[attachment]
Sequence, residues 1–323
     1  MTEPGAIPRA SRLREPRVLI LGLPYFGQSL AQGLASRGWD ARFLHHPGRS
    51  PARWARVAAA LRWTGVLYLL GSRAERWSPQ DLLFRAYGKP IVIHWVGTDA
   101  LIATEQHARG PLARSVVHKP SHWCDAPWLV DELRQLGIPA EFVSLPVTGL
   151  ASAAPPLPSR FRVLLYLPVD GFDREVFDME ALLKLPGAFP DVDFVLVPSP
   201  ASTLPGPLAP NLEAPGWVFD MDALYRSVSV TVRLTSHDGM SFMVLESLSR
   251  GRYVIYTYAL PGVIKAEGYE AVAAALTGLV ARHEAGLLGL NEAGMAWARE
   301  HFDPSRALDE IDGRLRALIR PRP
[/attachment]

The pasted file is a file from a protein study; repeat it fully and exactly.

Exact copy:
Sequence, residues 1–323
     1  MTEPGAIPRA SRLREPRVLI LGLPYFGQSL AQGLASRGWD ARFLHHPGRS
    51  PARWARVAAA LRWTGVLYLL GSRAERWSPQ DLLFRAYGKP IVIHWVGTDA
   101  LIATEQHARG PLARSVVHKP SHWCDAPWLV DELRQLGIPA EFVSLPVTGL
   151  ASAAPPLPSR FRVLLYLPVD GFDREVFDME ALLKLPGAFP DVDFVLVPSP
   201  ASTLPGPLAP NLEAPGWVFD MDALYRSVSV TVRLTSHDGM SFMVLESLSR
   251  GRYVIYTYAL PGVIKAEGYE AVAAALTGLV ARHEAGLLGL NEAGMAWARE
   301  HFDPSRALDE IDGRLRALIR PRP